“This investigation also could support development of strategies for adapting crops and other economically important plants to marginal and reclaimed habitats on Earth.”
“How do plants grow in space?”
NASA’s 28th CRS, or commercial resupply services mission, delivered new science experiments, food, supplies, equipment and the next pair of solar arrays to the space station last week. Last summer, Gifford Youth Achievement Center students got a glimpse of plant experiments already being conducted on the station during a NASA Downlink.
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The downlink allowed 15 youth – elementary, middle and high schoolers – to have their pre-recorded questions answered live from space by Astronauts Bob Hines and Jessica Watkins, who served as flight engineers during NASA’s Expedition 67. The students asked the space explorers what type of food astronauts eat in space, how food is delivered to the space station and how plants grow in space, among other questions.
Short version of NASA Downlink with GYAC. Video provided by NASA
“How do plants grow in space?” Student Adrianna Cortes asked on video as several hundred students and county officials watched the livestream on a big screen inside the center’s gymnasium.
Hines said astronauts at the station were working on an experiment called XROOTS, which investigates different ways to provide water to plants. NASA officials showed a picture of the space plants – which grew chili peppers, lettuce and radishes – during the live Q&A broadcasted on NASA TV.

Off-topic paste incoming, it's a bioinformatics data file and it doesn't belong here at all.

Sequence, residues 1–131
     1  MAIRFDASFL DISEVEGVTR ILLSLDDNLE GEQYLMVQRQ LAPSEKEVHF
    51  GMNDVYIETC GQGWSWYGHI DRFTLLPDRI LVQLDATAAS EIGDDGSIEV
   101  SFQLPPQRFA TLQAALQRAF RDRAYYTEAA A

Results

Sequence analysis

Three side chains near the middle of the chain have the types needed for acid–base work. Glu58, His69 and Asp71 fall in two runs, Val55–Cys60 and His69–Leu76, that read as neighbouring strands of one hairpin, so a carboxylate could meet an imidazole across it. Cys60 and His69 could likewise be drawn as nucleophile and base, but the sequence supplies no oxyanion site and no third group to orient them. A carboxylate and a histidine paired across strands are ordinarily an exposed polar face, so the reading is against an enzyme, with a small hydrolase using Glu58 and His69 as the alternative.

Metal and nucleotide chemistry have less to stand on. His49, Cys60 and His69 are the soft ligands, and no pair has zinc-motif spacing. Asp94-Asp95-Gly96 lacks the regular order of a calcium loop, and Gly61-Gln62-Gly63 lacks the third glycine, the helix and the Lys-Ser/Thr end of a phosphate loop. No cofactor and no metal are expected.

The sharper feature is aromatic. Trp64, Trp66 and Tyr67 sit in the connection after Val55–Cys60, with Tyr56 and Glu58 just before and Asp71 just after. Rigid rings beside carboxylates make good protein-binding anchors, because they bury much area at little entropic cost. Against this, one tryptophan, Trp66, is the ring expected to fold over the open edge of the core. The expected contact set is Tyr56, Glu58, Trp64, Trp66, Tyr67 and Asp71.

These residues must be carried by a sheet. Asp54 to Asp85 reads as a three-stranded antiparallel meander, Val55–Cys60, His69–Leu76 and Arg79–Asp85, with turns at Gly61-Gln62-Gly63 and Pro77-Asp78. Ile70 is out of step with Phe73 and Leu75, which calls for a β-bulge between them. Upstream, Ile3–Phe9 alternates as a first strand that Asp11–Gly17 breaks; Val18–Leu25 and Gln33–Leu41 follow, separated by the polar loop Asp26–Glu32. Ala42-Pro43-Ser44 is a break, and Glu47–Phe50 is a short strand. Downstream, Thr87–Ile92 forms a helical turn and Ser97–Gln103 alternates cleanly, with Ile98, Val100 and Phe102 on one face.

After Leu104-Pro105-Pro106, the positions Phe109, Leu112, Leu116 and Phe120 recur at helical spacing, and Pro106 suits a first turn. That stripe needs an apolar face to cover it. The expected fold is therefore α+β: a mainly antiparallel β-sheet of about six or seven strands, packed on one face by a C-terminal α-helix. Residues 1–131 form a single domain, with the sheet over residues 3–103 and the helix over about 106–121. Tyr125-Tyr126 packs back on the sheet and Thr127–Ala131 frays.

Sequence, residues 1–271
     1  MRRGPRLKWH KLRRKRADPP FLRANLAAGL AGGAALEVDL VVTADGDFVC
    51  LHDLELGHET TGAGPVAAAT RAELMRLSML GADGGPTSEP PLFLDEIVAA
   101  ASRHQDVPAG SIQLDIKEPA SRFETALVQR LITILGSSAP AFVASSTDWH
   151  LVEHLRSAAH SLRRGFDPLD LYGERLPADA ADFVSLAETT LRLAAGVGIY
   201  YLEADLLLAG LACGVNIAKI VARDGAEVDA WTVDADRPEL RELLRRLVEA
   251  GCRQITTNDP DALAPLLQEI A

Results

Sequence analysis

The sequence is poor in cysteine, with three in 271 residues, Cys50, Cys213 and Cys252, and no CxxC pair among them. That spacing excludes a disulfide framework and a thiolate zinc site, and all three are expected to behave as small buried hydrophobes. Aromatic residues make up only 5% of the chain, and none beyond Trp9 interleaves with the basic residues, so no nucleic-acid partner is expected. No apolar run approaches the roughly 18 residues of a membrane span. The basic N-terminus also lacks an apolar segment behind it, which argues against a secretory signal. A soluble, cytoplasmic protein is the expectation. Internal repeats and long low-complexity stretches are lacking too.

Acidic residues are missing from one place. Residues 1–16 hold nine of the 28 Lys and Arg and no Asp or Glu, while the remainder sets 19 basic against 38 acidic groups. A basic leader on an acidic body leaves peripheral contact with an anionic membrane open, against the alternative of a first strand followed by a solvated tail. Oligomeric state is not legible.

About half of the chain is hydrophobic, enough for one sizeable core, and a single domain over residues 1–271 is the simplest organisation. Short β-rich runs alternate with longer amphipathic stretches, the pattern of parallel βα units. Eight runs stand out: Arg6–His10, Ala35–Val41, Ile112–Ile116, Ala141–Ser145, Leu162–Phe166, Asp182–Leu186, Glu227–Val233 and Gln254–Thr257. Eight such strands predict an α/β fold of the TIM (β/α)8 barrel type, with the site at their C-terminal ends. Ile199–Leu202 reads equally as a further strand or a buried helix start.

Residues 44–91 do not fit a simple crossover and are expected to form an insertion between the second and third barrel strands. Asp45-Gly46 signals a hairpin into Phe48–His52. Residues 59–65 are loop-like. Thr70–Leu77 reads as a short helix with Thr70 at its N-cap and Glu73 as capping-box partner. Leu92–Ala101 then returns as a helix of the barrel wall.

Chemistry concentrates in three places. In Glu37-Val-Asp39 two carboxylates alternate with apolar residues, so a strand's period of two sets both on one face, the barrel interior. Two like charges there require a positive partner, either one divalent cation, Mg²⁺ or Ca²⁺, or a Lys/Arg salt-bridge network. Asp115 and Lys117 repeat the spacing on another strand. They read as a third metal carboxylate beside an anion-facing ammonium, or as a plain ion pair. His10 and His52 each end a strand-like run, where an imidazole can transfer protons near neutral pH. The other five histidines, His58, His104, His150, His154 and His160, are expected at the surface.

“As you know, there’s no gravity in space. So you can’t just pour water on the plants,” Hines told Cortes. “We’ve learned that plants don’t necessarily need gravity to know which way to grow, but they do grow their roots toward the water supply.”
Growing plants is essential to not only providing food, but producing oxygen, Hines told Cortes. Plants will play a crucial role for astronauts as NASA gets closer to the Artemis II moon mission in 2024, and eventually the mission to Mars.
Gifford Youth Achievement Center students also hosted a science fair in conjunction with the downlink. The youth created models of the solar system, grew plants in different soils and fertilizers, produced concrete using different materials, built a hydroponic system and constructed a solar panel.
Faz Zaidi, a volunteer for the center, spoke about his experience helping students with the projects in a NASA survey taken after the downlink event.
“Each group worked diligently to complete their project, while also having fun along the way,” Zaidi said in the survey. “The students showed enthusiasm for the areas they were learning about, and based on their feedback they had a blast learning about space.”
Zaidi also helps instruct a robotics and coding class at the afterschool center, where students work together in teams to design, build and code their own robots. The robotics and coding class, along with a STEAM class and the Science Institute of Discovery, are being held at the Gifford Youth Achievement Center this summer.
Student Aiden Robinson, who asked the astronauts what type of food they eat in space, reflected on his experience being part of the live Q&A.
“My favorite part of the downlink was seeing the astronauts live and being able to participate in the event,” Robinson said.
More information on the Gifford Youth Achievement Center can be found on its website.
Full version of NASA Downlink with GYAC. Video provided by NASA